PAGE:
A whistleblower is a person who files a lawsuit against a company on behalf of the government. Typically, the whistleblower is an employee of that company who has knowledge of the employer’s wrongdoing. The term “whistleblower” was coined by business activist Ralph Nader, who believed that people who report illegal activity should not be described with negative words such as snitch and informant. Instead, that person should be seen as a referee, who blows a whistle when a foul is made during a sports event. Because whistleblowers have great value to society by keeping large corporations in check with the law, whistleblowers are awarded certain protections against employer retaliation.
Protections for State Employees
Kansas statute 75-2973, The Kansas Whistleblower Act, prohibits employers from retaliating or taking disciplinary action against state employees who file whistleblower lawsuits against them. Employers are prohibited from denying their employees from talking to state legislatures and from reporting state or federal violations of the law, rules, or regulations. State employees can file for civil damages, including being reinstated into their old positions with their former seniority, benefits, back pay, attorney’s fees, and other damages.
Federal Law Protects all Other Employees
While Kansas has no law that protects non-state employees when it comes to whistleblowing, all other employees are protected under federal law when they file a qui tam action on behalf of the federal government. The federal Whistleblower Protection Program under the Occupational Safety and Health Administration (OSHA) provides employees immunity from employer retaliation. Employers commonly try to shut their employees up with threats or termination when the employee reports the wrongdoing of their employer, such as unsafe, unlawful, or unethical practices. You may have been fired, but you have the right to seek damages from your employer for firing you whether or not the whistleblower lawsuit succeeded or not. Similarly, these protections are given to employees who talk to federal investigators or participate in any whistleblower investigation even if they themselves were not the whistleblower.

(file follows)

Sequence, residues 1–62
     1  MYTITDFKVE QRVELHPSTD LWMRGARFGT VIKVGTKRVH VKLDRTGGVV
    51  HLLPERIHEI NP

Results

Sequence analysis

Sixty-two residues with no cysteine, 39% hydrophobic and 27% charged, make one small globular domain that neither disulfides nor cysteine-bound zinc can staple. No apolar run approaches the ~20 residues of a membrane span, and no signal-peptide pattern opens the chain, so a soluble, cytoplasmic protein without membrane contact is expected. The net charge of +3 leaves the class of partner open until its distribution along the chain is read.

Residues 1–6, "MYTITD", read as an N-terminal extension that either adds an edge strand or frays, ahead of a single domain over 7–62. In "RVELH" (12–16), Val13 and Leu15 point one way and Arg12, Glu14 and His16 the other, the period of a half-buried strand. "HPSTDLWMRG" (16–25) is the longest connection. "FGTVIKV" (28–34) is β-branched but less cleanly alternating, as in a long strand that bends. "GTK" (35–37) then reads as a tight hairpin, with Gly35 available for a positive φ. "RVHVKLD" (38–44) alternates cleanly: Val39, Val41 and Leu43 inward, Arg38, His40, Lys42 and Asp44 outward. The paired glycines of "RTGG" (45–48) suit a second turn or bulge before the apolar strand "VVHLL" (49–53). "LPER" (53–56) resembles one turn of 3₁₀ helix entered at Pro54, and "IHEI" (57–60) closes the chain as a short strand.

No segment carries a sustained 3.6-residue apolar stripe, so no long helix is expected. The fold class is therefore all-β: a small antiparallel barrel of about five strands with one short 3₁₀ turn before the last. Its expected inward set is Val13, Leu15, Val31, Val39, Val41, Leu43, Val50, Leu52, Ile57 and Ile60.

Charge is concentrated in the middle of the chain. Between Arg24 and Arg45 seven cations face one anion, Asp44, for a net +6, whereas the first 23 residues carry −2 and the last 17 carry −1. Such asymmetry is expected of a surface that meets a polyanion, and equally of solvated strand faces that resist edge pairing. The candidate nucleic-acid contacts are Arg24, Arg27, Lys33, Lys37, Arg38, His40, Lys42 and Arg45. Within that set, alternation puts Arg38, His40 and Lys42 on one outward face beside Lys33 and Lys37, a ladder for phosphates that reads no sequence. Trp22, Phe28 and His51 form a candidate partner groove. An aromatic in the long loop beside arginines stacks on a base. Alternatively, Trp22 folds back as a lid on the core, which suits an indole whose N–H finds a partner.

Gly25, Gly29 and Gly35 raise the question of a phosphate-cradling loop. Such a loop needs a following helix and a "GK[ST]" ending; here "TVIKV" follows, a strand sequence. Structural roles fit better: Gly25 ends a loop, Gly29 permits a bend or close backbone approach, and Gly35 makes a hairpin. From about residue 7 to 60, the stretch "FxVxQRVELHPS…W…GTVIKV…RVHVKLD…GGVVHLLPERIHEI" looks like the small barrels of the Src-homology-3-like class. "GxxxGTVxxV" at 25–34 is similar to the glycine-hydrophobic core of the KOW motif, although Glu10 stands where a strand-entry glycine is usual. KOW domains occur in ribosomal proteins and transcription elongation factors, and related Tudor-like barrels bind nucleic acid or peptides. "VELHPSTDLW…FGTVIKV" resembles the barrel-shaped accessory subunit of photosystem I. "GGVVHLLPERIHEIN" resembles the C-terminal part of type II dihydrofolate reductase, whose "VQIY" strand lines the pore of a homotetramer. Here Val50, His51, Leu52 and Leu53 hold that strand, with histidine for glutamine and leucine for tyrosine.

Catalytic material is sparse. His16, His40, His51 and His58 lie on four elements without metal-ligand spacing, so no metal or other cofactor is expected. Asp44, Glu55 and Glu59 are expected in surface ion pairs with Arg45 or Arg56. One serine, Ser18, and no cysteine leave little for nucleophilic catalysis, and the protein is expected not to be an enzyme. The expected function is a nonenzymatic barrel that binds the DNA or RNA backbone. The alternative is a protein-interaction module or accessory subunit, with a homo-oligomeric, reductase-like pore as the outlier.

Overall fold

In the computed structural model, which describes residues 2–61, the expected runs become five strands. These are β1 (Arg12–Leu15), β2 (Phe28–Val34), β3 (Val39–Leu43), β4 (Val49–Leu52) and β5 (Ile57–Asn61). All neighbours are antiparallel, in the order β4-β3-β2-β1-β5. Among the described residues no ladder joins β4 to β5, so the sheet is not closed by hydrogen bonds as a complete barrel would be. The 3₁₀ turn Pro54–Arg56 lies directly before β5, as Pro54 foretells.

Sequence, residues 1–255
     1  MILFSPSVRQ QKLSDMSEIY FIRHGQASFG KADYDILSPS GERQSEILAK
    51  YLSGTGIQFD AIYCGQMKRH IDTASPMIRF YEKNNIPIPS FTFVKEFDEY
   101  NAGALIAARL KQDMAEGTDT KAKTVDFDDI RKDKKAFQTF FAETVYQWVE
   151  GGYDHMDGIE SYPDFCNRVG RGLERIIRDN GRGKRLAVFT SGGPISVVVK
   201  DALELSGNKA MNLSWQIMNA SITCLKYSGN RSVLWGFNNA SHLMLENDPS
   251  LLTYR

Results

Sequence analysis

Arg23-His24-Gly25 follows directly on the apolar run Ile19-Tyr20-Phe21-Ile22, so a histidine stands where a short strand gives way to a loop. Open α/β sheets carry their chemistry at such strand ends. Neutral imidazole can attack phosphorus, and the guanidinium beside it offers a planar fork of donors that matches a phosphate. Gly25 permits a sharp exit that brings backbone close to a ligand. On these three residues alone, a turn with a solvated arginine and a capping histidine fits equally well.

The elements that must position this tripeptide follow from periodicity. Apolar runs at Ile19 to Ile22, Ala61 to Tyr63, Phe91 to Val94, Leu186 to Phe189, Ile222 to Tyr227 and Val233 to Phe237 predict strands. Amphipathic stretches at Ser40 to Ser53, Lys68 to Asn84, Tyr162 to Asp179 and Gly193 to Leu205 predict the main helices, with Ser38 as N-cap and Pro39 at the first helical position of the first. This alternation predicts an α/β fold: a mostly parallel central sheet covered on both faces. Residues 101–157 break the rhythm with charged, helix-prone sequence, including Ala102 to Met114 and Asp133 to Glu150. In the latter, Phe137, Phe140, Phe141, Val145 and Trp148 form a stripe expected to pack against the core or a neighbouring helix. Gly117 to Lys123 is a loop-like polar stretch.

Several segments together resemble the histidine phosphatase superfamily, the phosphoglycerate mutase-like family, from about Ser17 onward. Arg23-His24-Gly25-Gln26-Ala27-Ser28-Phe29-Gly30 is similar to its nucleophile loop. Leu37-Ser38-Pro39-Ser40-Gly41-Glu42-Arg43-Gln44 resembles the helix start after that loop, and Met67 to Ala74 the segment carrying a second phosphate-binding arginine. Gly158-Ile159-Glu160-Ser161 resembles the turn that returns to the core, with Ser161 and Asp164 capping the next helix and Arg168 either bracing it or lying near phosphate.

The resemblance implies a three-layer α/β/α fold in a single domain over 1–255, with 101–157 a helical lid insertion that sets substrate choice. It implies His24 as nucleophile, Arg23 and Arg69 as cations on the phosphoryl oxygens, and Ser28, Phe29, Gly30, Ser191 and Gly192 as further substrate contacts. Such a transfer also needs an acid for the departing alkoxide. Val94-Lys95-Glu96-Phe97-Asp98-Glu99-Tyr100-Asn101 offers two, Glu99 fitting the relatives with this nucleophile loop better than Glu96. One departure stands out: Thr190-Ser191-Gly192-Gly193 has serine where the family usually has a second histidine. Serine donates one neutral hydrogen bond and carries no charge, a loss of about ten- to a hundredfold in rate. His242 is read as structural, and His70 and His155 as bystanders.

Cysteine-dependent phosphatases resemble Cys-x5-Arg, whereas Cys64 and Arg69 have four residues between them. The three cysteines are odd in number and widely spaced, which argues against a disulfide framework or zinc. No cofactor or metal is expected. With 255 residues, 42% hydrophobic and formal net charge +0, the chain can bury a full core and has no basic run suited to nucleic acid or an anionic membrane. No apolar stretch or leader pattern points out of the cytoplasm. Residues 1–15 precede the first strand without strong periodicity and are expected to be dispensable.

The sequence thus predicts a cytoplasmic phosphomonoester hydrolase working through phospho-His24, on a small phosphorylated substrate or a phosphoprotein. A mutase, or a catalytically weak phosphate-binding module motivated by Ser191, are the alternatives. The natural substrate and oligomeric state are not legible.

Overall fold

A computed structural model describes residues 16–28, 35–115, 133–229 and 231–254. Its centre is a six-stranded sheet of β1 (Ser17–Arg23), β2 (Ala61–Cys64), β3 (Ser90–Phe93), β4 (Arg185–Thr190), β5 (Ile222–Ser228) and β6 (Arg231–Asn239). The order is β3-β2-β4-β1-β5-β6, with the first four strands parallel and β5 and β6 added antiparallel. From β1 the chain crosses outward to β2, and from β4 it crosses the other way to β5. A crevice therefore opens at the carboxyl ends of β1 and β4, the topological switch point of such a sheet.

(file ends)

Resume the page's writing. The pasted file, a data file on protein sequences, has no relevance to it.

You May be Entitled to the Following Types of Compensation for Qui Tam Action
If you file a whistleblower lawsuit under the False Claims Act, you are filling on behalf of the federal government. The False Claims Act was created in 1863 when Congress worried that private goods suppliers to the Union Army were defrauding the army during the Civil War. Any person who knowingly submitted a false claim to the government was originally held responsible for two times the government’s damages, and a $2,000 fine. The Act has been amended many times since then. If you file under the False Claims Act and are fired by a retaliatory employer, you may be entitled to the following compensation:
- Employment reinstatement;
- Back by at double rate of your normal pay; and
- Attorney fees and litigation costs.
One of Our Experienced Retaliation Attorneys is Available to Help
The Kansas City lawyers of HKM Employment Attorneys have over 40 years of experience defending employers from retaliation and wrongdoing by their employers. If you filed a whistleblower lawsuit or participated in an investigation in any way, and your employer retaliated by firing you, do not wait any longer to call us.
Call 816-607-4691, schedule a call, or fill out this form and we will get back to you ASAP.